Respiratory infections attack the breathing passages of your hedgehog, from the lungs to the snout. They’re best treated when they have been identified early so you can pre-empt the worst symptoms of the infection.
To first treat any respiratory issues in your pet hedgehog, you need to find out what’s wrong. Respiratory infections can come from viruses or bacteria, which change the severity of the infection.
It could be a mild issue but it could also be laryngitis, rhinitis, tracheitis, or even pneumonia. Pneumonia is often caused by bacteria that hedgehogs catch from canines, so keep them separate and keep any dogs vaccinated against kennel cough.
As for what causes these infections:
- Unsanitary bedding.
- Lack of ventilation in the cage.
- A pre-existing oral infection has been aspirated.
- Environmental temperature.
You can identify a respiratory infection in your hedgehog through many different symptoms, the most common of which is sneezing and opaque mucus discharge from the nose. The discharge can accumulate on the front legs too.
Sneezing can also occur naturally, especially if their bedding is made from paper or is otherwise dusty. Some hedgehogs also have allergies that cause them to sneeze at seemingly random intervals.
Other symptoms include shortness of breath, labored breathing, and changes in the sounds that the hedgehog makes. They may also lose their appetite and their thirst for water and they may be lethargic, too.
If unnoticed or untreated, the problem may present itself when the hedgehog suddenly dies. This is why you must seek help as soon as you realize something is wrong with your hedgehog.
Even if the treatments don’t work and the hedgehog succumbs to the illness, you will at least have peace of mind and won’t wonder why the hedgehog suddenly died.
Diagnosis is simple and done by professional veterinarians who have access to X-ray and examination equipment.
As for treatment, they typically get antibiotics, primarily trimethoprim, Amoxycillin, penicillin, lincomycin, clavulanic acid, or oxytetracycline. Antibiotics can take multiple dose cycles to fully clear the infection.
Hedgehogs may not like receiving these medications, especially since they taste bad a lot of the time.
In those cases, antibiotic injections may be more suitable. In other cases, the hedgehog may be hospitalized at the vet so they can manage its needs properly by feeding and hydrating it and adding antibiotics during those treatments.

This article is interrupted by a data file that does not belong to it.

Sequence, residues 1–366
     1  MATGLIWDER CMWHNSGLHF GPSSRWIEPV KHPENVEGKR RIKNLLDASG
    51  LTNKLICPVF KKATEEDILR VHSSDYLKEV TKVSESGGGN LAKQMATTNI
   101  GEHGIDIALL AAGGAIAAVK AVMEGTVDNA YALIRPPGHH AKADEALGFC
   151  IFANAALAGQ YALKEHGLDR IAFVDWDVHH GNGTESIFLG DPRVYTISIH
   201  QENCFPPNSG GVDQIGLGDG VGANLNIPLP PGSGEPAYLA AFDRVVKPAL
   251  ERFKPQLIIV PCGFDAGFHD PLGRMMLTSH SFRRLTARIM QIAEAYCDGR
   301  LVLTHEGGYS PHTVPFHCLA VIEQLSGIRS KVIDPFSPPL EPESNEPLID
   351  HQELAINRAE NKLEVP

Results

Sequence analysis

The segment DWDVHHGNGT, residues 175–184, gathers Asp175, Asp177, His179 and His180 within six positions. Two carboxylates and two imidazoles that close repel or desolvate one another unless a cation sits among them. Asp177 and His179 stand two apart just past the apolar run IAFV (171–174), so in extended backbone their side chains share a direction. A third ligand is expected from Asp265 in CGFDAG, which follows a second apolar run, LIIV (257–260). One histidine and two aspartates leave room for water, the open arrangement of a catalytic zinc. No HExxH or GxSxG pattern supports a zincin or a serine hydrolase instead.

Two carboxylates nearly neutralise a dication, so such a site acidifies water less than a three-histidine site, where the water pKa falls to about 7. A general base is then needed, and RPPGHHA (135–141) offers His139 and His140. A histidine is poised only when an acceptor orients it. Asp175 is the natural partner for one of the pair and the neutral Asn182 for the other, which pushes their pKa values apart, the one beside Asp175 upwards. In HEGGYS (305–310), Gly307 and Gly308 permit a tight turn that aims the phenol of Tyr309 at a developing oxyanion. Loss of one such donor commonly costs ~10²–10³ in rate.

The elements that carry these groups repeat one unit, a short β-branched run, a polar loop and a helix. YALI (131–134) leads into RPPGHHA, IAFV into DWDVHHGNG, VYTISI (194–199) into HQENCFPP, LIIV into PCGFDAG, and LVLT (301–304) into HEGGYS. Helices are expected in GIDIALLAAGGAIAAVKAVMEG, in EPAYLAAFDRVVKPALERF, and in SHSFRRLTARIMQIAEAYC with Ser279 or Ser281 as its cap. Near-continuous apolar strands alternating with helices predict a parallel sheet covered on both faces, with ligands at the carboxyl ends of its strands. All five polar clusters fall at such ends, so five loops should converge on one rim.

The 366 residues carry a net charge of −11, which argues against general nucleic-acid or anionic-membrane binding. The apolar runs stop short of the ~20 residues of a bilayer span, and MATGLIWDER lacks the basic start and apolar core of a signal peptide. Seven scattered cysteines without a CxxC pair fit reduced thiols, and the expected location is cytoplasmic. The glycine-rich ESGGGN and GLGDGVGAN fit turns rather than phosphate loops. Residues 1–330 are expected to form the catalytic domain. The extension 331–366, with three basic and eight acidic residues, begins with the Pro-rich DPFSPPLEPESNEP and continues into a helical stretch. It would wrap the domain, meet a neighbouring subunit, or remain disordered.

Subcutaneous fluids may also be needed if the hedgehog is dehydrated and a nebulizer or other forms of assisted breathing may be used. You can buy nebulizers and use them yourself at home but qualified professionals will always get the best results with specialized equipment like that.
As for what you can do to prevent these issues, you should keep hedgehogs isolated for two weeks when they are new to the household. Keep their area clean, free of dust, and well ventilated, too.
In getting ventilation, avoid drafts as these can also cause respiratory issues. The cage temperature for a hedgehog should be approximately 75 to 85 degrees Fahrenheit or 23 to 29 degrees Celsius.
Keep the cage warmer than colder if you can help it, it’s better for the hedgehog that way.
Can Hedgehogs Survive Pneumonia?
Pneumonia is a serious condition for many mammals, including humans, so it’s concerning when a pet hedgehog develops this harmful disease.
With hedgehogs, it’s often contracted via a canine that has kennel cough or through having too many lungworms that restrict breeding and give rise to other infections that harm the critter.
Given its severity, pneumonia is very challenging to properly treat. You should know that, if they are suffering from pneumonia, then there is no guarantee the hedgehog will make a full recovery.
The likelihood of the hedgehog succumbing to the illness is still quite high, even with treatment, and should they survive they may have lung scarring that shortens their breaths and makes them vulnerable to future infections.
Like the other respiratory issues mentioned above, hedgehogs are primarily treated with antibiotics. The specific antibiotic that is chosen will depend on your hedgehog’s situation and the discretion of the veterinarian.
Since pneumonia is hard to treat, you’re better off seeking the help of your veterinarian and other qualified individuals who can accurately diagnose the illness and carry out the most effective treatments.
The surest way to ensure a hedgehog survives pneumonia is to stop them from contracting it in the first place.
Keep their dwellings clean and free of dust and isolate them from the rest of the household for two weeks to prevent the onset of respiratory issues, including pneumonia.